Elizabeth Hudson 4/29/1789

Hezekiah Blankenship b1792

In Colonial Virgina men were obligated to serve in the local militia which acted as a defense force protecting settlers from Indian attacks, which were quite common then. These Indian attacks persisted until the early 1760’s when a Viriginia militia force was assembled by the Virginia Governor to fight the Indians that were becoming a serious threat. There is an historical record of Blankenship being called to service in that rather lengthy engagement which preceded the War of Revolution by about 15 years.

In June 1781, Lord Cornwallis‘ British army was near the Blankinship homestead in Goochland County, Virginia. During the Revolutionary War, British troops destroyed many official records at the Henrico County Court House, which had moved to Richmond in 1752. Benedict Arnold‘s army occupied Richmond in January 1781, prompting the Henrico County militia to defend against the invasion. The destruction of these records makes the few surviving documents validating Ralph Blankinship’s immigration to colonial Virginia particularly valuable. Remaining documents confirm Martha and Ralph Blankinship’s residence in Henrico County from about 1686 until Ralph’s death around April 1714.

1800s

Nancy Bowling b1800

William Blankenship, Sr. lived in Floyd, Kentucky, United States in 1810 and Chesterfield, Chesterfield, Virginia, United States in 1810.

Isham Blankenship, Sr. (70) died in 1810, in Cane Creek, Rutherford, North Carolina, United States.
(Buried in Blankenship Family Cemetery, Rutherfordton, Rutherford, North Carolina, United States.)

Hezekiah Blankenship married Nancy Bowling 9/14/1815
(Tazewell, Virginia, United States.)
(They were the parents of at least 5 sons and 10 daughters.)

James Alfred Blankenship, Sr. b1822
(Born in Tazewell, Virginia, United States.)
(“Sr.” designation for clarity only. It is not found in the paper records.)

Sarah Elizabeth Wilkinson d1826

Hezekiah Blankenship lived in Halifax, Virginia, United States in 1830.

William Blankenship, Sr. (74) d7/6/1835
(Died in Morgan, Kentucky, United States, buried in Pike, Kentucky, United States.)

Hezekiah Blankenship lived in North District, Halifax, Virginia, United States in 1840.

Nancy Bowling d1842

James Alfred Blankenship married Mary Mullins about 1843, in Tazewell, Virginia, United States.
(They were the parents of at least 3 sons and 4 daughters.)

James Alfred Blankenship, Jr.  b12/1855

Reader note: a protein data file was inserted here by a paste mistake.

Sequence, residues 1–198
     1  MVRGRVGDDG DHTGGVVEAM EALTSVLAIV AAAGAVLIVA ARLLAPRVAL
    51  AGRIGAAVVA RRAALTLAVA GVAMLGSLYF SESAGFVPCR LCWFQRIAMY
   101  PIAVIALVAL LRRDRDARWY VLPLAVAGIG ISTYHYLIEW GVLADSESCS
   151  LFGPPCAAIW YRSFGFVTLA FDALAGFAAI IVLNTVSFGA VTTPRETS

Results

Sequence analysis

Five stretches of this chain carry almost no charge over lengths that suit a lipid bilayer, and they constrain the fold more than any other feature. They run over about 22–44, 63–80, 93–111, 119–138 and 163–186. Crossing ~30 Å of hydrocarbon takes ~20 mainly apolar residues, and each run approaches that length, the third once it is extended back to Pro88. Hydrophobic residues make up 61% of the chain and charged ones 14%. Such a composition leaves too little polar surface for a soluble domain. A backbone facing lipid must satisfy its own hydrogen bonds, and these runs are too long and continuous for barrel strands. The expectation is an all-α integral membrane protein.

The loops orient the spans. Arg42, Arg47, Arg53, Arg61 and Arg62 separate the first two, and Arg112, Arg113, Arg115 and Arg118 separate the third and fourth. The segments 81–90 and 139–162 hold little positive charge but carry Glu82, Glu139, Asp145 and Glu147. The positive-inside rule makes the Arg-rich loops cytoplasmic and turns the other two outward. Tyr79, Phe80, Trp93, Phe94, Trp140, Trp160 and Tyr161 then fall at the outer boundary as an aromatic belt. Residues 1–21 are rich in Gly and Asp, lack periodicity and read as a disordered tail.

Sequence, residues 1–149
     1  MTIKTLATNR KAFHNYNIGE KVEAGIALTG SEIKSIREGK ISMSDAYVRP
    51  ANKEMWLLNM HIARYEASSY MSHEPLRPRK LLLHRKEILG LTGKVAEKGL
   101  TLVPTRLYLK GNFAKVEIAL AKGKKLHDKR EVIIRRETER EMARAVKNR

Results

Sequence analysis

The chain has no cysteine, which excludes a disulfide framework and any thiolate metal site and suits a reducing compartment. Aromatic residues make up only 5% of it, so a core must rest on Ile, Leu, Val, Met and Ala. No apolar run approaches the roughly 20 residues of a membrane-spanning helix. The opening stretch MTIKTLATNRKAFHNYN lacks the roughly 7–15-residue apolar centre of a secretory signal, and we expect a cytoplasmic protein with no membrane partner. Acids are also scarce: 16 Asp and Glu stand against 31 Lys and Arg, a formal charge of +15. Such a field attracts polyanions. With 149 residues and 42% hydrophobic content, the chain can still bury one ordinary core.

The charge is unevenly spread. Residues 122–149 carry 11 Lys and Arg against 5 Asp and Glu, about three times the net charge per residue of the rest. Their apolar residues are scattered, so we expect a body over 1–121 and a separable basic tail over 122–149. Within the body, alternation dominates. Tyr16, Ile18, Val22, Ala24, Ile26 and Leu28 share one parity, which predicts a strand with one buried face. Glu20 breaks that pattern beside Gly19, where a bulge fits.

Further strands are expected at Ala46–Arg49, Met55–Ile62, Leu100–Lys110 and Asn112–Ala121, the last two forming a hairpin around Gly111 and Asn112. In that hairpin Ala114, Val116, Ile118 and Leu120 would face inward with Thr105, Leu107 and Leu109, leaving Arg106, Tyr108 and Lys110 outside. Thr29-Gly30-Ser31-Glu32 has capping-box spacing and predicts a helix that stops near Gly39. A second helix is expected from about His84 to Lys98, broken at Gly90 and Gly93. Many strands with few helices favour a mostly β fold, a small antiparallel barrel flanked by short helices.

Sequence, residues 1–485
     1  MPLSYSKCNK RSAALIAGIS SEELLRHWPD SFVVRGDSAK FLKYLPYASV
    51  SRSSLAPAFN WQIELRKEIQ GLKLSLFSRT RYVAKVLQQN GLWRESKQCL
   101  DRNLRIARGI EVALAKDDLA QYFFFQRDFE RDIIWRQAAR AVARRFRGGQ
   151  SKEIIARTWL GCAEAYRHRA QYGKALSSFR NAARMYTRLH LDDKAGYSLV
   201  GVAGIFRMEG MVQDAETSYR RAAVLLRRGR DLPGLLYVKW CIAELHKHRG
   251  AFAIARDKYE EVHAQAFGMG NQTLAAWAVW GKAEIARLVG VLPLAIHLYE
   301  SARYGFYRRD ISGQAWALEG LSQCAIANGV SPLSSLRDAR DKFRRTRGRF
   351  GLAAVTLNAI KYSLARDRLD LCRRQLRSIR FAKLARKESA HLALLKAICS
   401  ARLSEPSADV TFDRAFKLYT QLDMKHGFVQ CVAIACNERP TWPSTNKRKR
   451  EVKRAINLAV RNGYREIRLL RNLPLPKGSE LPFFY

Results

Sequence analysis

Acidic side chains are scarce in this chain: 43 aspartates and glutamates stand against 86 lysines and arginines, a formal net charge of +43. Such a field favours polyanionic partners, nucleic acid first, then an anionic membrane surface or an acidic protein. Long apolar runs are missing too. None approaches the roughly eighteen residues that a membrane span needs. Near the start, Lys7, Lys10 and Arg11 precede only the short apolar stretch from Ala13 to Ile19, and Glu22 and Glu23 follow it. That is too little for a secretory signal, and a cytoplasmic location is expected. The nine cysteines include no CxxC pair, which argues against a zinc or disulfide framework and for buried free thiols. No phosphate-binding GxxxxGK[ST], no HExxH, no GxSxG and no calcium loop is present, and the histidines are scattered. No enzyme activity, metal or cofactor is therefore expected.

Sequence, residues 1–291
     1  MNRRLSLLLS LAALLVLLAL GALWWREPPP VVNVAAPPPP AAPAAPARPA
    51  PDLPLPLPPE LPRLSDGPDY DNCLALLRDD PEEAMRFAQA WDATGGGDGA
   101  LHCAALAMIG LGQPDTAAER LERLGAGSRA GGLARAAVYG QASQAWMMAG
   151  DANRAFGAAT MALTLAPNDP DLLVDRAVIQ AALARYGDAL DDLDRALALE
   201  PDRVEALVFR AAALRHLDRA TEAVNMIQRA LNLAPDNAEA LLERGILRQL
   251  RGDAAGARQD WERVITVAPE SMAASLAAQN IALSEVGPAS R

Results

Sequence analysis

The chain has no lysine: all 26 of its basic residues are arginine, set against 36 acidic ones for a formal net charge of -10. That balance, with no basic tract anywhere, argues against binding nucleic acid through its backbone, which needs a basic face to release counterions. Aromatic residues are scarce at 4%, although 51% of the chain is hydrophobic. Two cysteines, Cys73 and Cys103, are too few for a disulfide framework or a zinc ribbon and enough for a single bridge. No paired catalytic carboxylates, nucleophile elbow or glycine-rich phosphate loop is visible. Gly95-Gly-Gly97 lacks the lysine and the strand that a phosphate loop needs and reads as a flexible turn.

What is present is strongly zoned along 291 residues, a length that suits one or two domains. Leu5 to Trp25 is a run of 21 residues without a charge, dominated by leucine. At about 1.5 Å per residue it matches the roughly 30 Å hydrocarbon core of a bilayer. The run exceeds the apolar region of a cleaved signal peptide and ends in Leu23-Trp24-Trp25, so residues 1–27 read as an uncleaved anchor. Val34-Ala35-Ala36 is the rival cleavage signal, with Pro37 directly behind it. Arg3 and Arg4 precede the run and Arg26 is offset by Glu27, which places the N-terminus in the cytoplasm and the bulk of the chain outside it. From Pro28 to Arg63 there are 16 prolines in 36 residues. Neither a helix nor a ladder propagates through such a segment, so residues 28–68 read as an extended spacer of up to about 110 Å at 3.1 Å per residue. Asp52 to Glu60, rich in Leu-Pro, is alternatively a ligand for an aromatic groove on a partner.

(“Jr.” designation for clarity only. It is not found in the paper records.)

James Alfred Blankenship, Sr. lived in Wyoming, Virginia, United States in 1860.

Hezekiah Blankenship (71) d1863

James Alfred Blankenship, Sr. lived in West Virginia, United States in 1870.

The Blenkensopp “castle” was enlarged and partly rebuilt in Tudor style between 1877-80.

Floyd Walter Blankenship married Linda Bert Brown, married 1877.
(They had at least 7 sons and 2 daughters.)

Floyd Walter Blankenship b5/20/1880
(Born in Cullman, Alabama, United States to father James Alfred Blankenship, Jr. (24) and mother Sarah Ann Barnes (23)).
Alabama Blankenship Records

James Alfred Blankenship, Sr. (58) d6/1/1880
(Died in Raleigh, West Virginia, United States.)

A new house was built on the “Castle” site in the 1830s and the castle was rebuilt between 1877 and 1880 as a mansion, before it became a hotel.

1900s

Leroy Bennett Blankenship b7/31/1901
(Born in New Castle, Alabama.)

Dontis Morgan and Leroy B. Blankenship married 4/22/1921
(“L.B.” is on Leroy Jr.’s birth certificate, “Leroy B.” is on Leroy Jr.’s marriage certificate.)

Leroy Singleton Blankenship b11/30/1924

The “castle” building burned down in 1954 and although it was rebuilt, some of the ruins attached to the house had to be demolished as they were unsafe.

James Alfred Blankenship (76) d7/12/1932
(Vinemont, Cullman County, Alabama, USA)

Floyd Walter Blankenship (57) d9/14/1937
(Buried in Cullman, Alabama, United States.)

Brandon Lee Blankenship b1966

Leroy Bennett Blankenship d8/20/1990
(buried in Walnut Cove Cemetery in 2421 Hamburg Pike, Jeffersonville, IN 47130)

Leroy Singleton Blankenship dMay 20, 2003

The Blankenship Name

The original spelling of Blankenship was Blenkinsopp which seems to originate in the early medieval Cumbric language, probably as blaen ‘top’ + kein ‘back, ridge’ (thus ‘top of the ridge’). To this was later added the Old English element hop ‘valley’.

Blenkinsopp Castle

The ancient manor of Blenkinsopp was held by the eponymous Blenkinsopp family from the 13th century, and they created a substantial tower house. A licence to crenellate the house was granted on 6 May 1340 by King Edward III.

Family Milestones